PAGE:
obliged to part vvif.h every tiling upon vyhicl 
could reuse money. Ti'.c i;ai a ad ,-ioak she ..^d 
on-, the only decent part or' her apparel were 
borrowed. She colluded with spying that she 
had been advised to apply to me, a i. eitc u -ra^-- 
edbythe character I bore for humanity, she 
had taken that liberty. 

" Some money Mr. Calcraft had just before left 
me was still lying on my dressing-table. I took 
2 c 3 


up what there was and gave it to her. It amouut- 
ed to a few guineas only. But the sum exceed* 
ing her expectations, the poor woman was ready 
to faint with transport. As soon as she was a 
little recovered, and had found the power of ut- 
terance, half-choaked with the fluttering emo- 
tions of her grateful heart, she said, ( I did not 
mean, madam, to intrude upon your generosity, 

f{ She had proceeded thus far, when Mr. Fox 
entered the room. He saw me so affected that 
he was going to retire ; upon which 1 ran to him, 
and taking hold of his hand exclaimed : * O my 
dear Sir, you are the very person I want!' As f 
had never taken the liberty to lay hold of his 
hand before, and now pressed it most vehement- 
ly, he imagined from that, and the agitation of 
my whole frame that something of the utmost 
consequence must occasion it. He therefore en- 
quired in what he could oblige me. I repeated 
the affecting tale, simply as I had just heard it. 
At the conclusion of it, I found that I still press- 
ed his hand between mine and that I kept him 
standing. I was confounded. The earnestness, 
with which I interested myself in my petitioner's 
woes made me forget the decorum due to the 
person to whom I was applying in her favor. 

? I had been in many delicate situations be- 
fore, but never felt myself in so awkward a one 
as the present. I could not prevent my tears 
from flowing; and 1 found simplicity to be 
aiore efficacious, in pleading my own cause a& 


as \vell as that of my supplicant than all the stu- 
died arts of eloquence. While humanity beam- 
ed from the countenance of the worthy man, he 
cor doled with the lady on her misfortunes, and 
bidding her be comforted, told her he would see 
what was to be clone for her. Then taking out 
his pocket-book he gave her a bank-note. The 
value of it I did not see. My unfortunate visi- 
tor was oppressed before, but now she was over- 
whelmed. She fell oil her knees. Her stream- 
ing eyes and grateful looks thanked us with in- 
expressible energy; but her tongue refused its 
aid upon the occasion, and she took her leave 
without being able to utter a syllable. 

" I own I felt myself happy when Lady Lind- 
say quitted the room. My sensibility was wound 
up too high. It became painful. Mr. Fox 
walked to the window, and by the use he made 
of his handkerchief, I found that his eyes bore 
witness to the benevolent emotions of his heart. 

" In the month of March following, I had the 
pleasure to inform Lady Lindsay in person, that 
her four children were placed upon the compas- 
sionate list, with an appointment of ten pounds a 
year each; and farther, that his Majesty, in consi- 
deration of her late husjband's having lost his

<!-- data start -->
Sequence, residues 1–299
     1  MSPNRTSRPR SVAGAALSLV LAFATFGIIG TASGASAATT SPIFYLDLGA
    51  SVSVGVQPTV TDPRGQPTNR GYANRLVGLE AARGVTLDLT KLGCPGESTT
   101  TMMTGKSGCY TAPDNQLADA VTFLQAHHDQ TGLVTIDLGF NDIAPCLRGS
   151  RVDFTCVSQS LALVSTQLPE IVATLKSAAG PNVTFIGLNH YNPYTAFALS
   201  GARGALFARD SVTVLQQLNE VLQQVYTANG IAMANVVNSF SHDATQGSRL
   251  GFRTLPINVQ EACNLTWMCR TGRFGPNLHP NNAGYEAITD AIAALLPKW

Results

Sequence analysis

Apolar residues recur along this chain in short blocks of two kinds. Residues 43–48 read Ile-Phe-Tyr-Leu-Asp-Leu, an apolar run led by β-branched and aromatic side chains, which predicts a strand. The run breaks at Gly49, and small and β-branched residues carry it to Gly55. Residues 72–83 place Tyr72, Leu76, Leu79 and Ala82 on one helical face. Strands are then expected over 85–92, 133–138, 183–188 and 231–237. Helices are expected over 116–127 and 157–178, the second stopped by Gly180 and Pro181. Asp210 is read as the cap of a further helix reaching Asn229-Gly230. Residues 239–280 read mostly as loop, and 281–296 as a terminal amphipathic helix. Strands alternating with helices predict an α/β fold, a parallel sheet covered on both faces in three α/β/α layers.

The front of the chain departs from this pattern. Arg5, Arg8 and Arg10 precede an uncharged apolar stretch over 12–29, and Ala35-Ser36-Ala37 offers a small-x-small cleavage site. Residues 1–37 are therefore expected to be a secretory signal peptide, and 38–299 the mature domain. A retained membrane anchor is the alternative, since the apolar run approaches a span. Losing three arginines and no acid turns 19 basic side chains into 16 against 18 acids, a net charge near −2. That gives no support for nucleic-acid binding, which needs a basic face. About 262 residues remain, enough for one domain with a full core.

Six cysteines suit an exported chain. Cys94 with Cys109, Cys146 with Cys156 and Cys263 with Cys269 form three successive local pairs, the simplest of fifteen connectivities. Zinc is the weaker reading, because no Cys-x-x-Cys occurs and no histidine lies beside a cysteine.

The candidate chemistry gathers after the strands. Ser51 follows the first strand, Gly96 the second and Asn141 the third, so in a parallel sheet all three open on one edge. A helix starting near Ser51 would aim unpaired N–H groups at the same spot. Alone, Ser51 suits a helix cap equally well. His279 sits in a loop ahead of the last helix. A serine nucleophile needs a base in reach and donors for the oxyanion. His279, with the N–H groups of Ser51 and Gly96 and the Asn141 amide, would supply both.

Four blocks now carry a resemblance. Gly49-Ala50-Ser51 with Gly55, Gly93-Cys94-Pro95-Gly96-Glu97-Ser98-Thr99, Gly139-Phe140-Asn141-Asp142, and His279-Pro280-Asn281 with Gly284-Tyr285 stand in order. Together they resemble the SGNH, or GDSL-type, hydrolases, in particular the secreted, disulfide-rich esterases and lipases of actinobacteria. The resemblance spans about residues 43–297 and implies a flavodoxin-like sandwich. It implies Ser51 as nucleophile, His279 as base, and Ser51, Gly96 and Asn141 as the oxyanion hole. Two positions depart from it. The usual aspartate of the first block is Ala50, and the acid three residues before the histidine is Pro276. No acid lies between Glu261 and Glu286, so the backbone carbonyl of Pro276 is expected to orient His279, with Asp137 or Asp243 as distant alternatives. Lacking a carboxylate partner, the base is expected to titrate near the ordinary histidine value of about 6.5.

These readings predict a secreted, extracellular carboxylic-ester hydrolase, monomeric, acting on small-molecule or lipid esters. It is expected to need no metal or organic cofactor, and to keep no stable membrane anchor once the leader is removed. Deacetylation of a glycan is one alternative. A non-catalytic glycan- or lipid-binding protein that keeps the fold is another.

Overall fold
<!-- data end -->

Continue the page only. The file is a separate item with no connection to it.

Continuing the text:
life while he was bravely fighting in 4iis service, 
had granted her fifty pounds yearly out of the 
Treasury, in addition to her pension. 

fc When I had made her happy with this 
pleasing intelligence, I asked why I had never 
seen her sin<: he* first application to me. She 


replied that the alteration in her family had ta- 
ken up all her attention;. and as she thought I 
felt too much at her distress when she first 
made me acquainted with it, and perceived that 
nothing could hurt me so much as thanks, she 
had refrained from giving me farther pain. She 
told me that she supposed, I had beea made ac- 
quainted with Mr. Fox's bounty, who had pro- 
vided against her wants for some time, by nobly 
giving her in the bill I saw, fifty pounds. 

" Lady Lindsay added, that her eldest daugh- 
ter, the cripple, was 'happily released by death 
from her miserable situation ; and that the child, 
of whose mental faculties she had been apprehen- 
sive, was now, to her great comfort, become one 
of the most sprightly boys of his age. She much 
regretted his not being at home to thank me; 
' but/ continued the grateful w.oman, ' we p;ay for 
you, and our worthy benefactor every night and 
morning/ Just as I was taking my leave the 
little fellow came in ; and from the description 
his mother had, I suppose, given of me, imme- 
diately knew me ; for he ran to me, and kneeling 
down, with a graceful ease, kissed my hand. I 
raised and caressed him ; and desired his niother 
would bring him often to see me. 

Jsjever did I feel more real happiness than in 
being the means of relieving this amiable woman 
and her family from the extreme distress in which 
they were involved. The same pleasing reward 
attended, I doubt not, the great and good man, 
to whose noble beneficence that relief principally 


owed its furtherance. How supremely blest are 
those who possess as he did, the power as well as 
'the inclination to relieve the unfortunate!" 

The causes to which we have already alluded 
produced a dissolution of the connection between 
Mrs. Bellamy and Mr. Calcraft. Her debts, at 
this time exceeded ten thousand pounds, the 
greatest part of which sum, was, as she asserts, 
expended in Mr. Calcraft's housekeeping. That 
gentleman promised to discharge her debts, but 
refusing afterwards to fulfil this promise, she was 
involved during the remainder of her life, in in- 
extricable difficulties and subjected to frequent 

Without following Mrs. Bellamy through her 
excursions to the continent and her engage- 
ments in the theatres both at London and Dub- 
lin, after leaving Mr. Calcraft, we shall briefly 
touch on the more prominent events of her sub- 
sequent chequered life.